Excerpt from fund manager John Hussman's weekly essay on the US market:
Charles H. Dow, who edited the Wall Street Journal a century ago, once observed, "It is impossible to tell in advance the length of any primary movement, but the further it goes, the greater the reaction when it comes, hence the more certainty of being able to trade successfully on that reaction… The best way of reading the market is from the standpoint of values. To know values is to comprehend the meaning of movements in the market." Dow's successor at the Wall Street Journal was William P. Hamilton, and was also a brilliant observer of the market. Hamilton observed that bull markets generally occur in three phases. As Richard Russell summarizes: “Phase one is the rebound from the depressed conditions of the previous bear market. Here stocks return to known values. In the second and longest phase, shares advance in recognition of improving business and a rising economy. During the third phase they spurt skyward on the hopes and expectations of a continuing rosy future… The low-priced ‘cats and dogs' historically make great moves in this third phase…” As another follower of Dow, Robert Rhea, once wrote: “The final stage is sometimes recognizable because people then buy stocks simply because they go up, and because other people are buying them.”
With the S&P 500 currently trading at nearly 18 times fresh record earnings, on record profit margins, it seems clear that the current bull market is well into its third phase. To anyone who examines more than one or two decades of market history, even a multiple of 18 is very rich by historical measures, and can't be reconciled simply by reference to interest rates or inflation. On closer inspection, of course, valuations are even more hostile. Over the past three years, profit margins have widened to record levels, which has detached P/E ratios from other fundamental measures – such as price/revenue, price/dividend, and price/book ratios. The S&P 500 is currently about double its historical norms on those metrics. That isn't a forecast that stocks have to eliminate that valuation gap, but it certainly does suggest that stocks are priced to deliver unsatisfactory long-term returns from these prices. It bears repeating that if profit margins were at normal levels – even on the basis of profit margins that prevailed during the 1990's (indeed, anytime prior to the past 3 years) – the price/earnings ratio of the S&P 500 would currently be nearly 25. Unless investors want to speculate on the notion of a “permanently high plateau” in profit margins, the stock market is strenuously overvalued at present. Neither current earnings nor “forward” earnings should be considered – in themselves – as anything close to robust or reliable metrics of value here...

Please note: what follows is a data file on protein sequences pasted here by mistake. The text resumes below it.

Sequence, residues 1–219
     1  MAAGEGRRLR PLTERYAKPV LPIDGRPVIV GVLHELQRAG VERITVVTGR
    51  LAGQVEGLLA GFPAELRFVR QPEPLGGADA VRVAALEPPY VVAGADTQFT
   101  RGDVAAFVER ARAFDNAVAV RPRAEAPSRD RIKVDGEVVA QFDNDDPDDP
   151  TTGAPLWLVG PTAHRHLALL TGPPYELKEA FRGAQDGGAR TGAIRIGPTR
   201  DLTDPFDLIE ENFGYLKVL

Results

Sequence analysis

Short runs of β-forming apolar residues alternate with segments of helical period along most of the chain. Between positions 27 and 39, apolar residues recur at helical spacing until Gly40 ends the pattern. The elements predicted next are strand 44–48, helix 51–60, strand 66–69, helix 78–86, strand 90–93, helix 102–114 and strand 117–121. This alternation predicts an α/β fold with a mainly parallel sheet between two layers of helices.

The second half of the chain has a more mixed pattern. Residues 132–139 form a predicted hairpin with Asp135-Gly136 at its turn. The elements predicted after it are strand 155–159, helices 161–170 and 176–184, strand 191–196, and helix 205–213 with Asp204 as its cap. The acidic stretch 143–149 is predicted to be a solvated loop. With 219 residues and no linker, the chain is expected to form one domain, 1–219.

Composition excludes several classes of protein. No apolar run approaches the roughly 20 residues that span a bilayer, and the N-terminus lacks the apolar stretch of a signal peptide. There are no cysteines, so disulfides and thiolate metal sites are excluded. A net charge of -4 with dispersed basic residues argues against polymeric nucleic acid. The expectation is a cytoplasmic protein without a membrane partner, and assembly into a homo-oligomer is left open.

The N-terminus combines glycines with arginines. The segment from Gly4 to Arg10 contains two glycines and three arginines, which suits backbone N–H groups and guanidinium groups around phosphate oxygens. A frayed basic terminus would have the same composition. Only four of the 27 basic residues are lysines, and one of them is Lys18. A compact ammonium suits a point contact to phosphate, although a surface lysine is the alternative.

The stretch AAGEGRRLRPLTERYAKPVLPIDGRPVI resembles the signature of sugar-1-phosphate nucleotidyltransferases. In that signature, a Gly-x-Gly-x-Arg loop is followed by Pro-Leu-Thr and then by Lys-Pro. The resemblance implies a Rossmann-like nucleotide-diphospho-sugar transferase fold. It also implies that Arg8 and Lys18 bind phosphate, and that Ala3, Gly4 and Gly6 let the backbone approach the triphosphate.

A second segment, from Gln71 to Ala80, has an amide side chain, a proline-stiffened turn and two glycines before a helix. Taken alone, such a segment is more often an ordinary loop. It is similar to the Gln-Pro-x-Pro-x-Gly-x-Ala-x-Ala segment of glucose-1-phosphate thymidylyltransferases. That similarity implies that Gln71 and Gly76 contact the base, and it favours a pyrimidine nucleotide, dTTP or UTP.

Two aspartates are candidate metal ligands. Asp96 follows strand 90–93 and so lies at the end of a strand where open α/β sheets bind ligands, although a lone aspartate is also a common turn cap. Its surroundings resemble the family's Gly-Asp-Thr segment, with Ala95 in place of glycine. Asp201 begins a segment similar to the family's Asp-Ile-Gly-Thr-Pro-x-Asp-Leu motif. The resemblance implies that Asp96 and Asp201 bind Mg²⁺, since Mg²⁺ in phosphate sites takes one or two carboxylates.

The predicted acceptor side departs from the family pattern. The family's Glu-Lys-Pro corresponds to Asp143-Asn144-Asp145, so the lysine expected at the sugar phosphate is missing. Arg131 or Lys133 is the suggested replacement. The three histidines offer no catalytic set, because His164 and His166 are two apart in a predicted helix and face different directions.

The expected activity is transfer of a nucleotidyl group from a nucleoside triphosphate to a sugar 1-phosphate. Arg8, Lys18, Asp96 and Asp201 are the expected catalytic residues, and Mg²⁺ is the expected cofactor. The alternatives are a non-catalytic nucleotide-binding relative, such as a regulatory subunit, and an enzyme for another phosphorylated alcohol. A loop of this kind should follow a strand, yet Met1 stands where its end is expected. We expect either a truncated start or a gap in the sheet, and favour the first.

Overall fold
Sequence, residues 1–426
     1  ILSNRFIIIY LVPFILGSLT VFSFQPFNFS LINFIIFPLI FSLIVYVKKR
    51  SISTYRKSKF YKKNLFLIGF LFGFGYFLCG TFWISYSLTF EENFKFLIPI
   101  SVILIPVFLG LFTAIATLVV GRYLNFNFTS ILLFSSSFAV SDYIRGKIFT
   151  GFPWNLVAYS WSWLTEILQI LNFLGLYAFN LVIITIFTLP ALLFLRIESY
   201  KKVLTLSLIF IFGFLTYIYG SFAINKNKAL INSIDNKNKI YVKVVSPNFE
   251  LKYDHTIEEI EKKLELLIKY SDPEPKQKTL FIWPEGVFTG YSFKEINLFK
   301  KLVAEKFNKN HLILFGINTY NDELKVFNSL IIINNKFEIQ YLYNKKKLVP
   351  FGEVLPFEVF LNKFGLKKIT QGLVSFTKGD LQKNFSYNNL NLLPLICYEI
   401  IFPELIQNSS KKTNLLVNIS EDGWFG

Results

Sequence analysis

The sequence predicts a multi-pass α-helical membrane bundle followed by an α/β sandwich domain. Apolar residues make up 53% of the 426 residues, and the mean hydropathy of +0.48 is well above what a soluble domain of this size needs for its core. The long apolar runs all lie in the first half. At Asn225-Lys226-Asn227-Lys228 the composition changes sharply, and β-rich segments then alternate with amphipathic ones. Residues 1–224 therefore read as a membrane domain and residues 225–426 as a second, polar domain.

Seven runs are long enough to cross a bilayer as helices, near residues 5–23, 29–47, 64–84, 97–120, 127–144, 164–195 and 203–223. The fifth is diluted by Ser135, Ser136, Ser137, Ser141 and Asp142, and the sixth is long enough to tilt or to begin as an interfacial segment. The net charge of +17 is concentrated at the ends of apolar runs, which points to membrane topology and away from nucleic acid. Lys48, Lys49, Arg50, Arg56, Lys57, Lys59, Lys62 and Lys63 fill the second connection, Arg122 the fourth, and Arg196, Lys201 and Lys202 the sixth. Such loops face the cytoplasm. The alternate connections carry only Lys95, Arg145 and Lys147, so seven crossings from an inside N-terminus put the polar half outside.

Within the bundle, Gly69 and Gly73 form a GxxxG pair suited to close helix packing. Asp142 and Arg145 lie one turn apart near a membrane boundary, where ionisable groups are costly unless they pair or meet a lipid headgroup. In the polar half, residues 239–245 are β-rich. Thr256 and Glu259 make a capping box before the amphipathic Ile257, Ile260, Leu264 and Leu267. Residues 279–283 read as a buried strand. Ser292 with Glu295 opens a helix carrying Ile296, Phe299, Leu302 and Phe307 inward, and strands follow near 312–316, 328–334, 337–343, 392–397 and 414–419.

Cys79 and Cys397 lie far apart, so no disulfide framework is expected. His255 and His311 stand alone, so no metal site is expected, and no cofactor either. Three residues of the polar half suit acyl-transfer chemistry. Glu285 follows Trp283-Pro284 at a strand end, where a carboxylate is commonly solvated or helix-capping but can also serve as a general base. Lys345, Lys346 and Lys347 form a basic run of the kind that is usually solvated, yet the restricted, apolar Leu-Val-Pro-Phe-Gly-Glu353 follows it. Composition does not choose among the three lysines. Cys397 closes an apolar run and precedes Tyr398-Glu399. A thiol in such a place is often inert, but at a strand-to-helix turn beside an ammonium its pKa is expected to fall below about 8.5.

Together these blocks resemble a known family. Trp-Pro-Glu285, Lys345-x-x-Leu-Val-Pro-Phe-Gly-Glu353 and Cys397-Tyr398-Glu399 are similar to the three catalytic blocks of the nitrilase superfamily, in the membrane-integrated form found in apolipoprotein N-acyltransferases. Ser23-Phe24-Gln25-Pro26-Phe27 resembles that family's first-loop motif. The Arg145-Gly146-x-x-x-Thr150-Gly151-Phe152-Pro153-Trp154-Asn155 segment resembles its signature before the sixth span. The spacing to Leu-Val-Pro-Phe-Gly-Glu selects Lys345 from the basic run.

Given the overwhelming historical evidence that profit margins normalize over time, long-term investors should build that expectation into the prices that they pay for stocks, which after all, are nothing but a claim on a stream of future cash flows. A market P/E of nearly 25, on the basis of normalized profit margins, doesn't allow any margin of safety. Still, we have to recognize, as Richard Russell once wrote, that “it is not history, facts, or intelligence that guide most investors through the final phases of a bull market; it is hopes and wishes.” On that basis, it's not clear that the current speculative blowoff is over, or doomed to end in short order, so long as there are dangling strands of hope.